The Systems Skills for Managers Course at Virginia Tech

Our colleague Tom Hickok at the Department of Defense as been using Leadership Metaphor Explorer for team building, and for teaching management topics at Virginia Tech. In the note below he shares his successful recent experience using LME in his System Skills course.


I took out the Leadership Metaphor Explorer (LME) cards two nights ago and used them with my Systems Skills for Managers class at Virginia Tech. I have 21 students in the class, all studying for their MPA. They are almost all engaged in the workforce, with some in federal and local government, some in the private sector (contracting to the federal government, and some in the non-profit sector. It has been one of those classes filled with positive energy, which has made it an especially fun semester for me.

I changed the seating from u-shaped to tables of four before the class, so there was a sense of anticipation from the start. Also, I laid the cards around the room. In the class, we are entering a module on project management, and I engaged the class at the start with some perspectives on project management with input from around the room. some in federaland local government, some in the private sector (contracting to the federal government, and some in the non-profit sector. It has been one of those classes filled with positive energy, which has made it an especially fun semester for

Then I turned to the LME exercise. People were instructed to pick LME cards which spoke to them about a challenge at work, or an opportunity to get through the challenge. Students were instructed to let their table-mates (3 or 4 to a table) describe the cards before they say why they picked them. People spent about 10 minutes or a bit less selecting the cards and 20-plus minutes at the tables. What a buzz! Every table lit up. Once again, the point proved out that visual images are an amazing entryway into dialogue. me.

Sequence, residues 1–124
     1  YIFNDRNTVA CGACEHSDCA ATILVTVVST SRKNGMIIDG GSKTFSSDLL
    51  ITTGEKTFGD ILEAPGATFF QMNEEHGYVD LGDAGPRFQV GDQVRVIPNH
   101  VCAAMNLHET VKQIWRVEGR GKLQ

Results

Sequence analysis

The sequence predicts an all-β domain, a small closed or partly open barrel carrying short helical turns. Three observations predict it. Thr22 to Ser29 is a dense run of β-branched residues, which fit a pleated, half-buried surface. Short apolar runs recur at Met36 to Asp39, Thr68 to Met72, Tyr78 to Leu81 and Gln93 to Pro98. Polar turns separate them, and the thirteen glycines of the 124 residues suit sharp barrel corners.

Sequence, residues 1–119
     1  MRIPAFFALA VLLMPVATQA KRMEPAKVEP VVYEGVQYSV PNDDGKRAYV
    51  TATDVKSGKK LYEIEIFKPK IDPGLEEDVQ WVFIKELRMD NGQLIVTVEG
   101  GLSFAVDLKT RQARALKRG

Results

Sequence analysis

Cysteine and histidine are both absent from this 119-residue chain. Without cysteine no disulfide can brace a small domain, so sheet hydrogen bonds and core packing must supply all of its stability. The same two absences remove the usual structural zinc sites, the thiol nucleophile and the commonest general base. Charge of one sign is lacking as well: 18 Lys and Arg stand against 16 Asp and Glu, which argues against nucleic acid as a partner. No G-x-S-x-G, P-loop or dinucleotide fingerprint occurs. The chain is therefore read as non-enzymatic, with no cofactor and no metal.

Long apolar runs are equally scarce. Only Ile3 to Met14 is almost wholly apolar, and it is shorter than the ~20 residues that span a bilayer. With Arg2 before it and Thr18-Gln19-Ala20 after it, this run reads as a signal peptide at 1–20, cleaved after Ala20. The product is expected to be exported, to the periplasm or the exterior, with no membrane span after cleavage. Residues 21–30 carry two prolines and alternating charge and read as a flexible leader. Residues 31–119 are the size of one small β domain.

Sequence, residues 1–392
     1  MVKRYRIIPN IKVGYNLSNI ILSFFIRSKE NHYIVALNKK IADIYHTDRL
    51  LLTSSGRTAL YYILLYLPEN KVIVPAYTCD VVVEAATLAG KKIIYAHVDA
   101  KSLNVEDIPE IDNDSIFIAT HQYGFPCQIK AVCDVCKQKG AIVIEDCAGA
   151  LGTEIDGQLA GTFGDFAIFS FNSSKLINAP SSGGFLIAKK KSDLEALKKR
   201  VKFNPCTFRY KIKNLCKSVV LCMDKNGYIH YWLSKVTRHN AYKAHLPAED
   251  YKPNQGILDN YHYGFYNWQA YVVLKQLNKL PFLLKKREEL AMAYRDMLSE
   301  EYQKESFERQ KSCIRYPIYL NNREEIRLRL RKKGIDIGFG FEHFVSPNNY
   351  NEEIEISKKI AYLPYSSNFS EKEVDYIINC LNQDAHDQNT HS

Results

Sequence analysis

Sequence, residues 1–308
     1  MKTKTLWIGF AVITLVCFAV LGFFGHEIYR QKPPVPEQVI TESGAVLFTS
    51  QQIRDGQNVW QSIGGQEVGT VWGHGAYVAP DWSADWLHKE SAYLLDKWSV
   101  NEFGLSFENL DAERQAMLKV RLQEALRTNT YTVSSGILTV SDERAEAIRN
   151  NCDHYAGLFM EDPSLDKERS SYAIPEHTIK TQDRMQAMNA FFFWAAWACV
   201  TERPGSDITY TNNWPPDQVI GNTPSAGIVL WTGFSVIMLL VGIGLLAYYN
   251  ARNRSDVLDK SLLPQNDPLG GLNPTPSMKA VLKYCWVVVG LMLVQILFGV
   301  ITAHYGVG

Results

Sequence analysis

In the de-brief, the students pointed out there were some polarities where people who had picked the cards saw positive where there table-mates saw negative. In retrospect, I could have asked a more individual question such as what insight they gained from their team-mates or to describe their challenges to the group. But the feedback on the exercise was entirely positive.

About Charles J. Palus & David Magellan Horth & Steadman Harrison III

Charles J. Palus & David Magellan Horth are Senior Fellows at the Center for Creative Leadership. Steadman Harrison III is CEO of Global Outreach International, CEO of GOinnovation.com, and Senior Associate for the Center for Creative Leadership.
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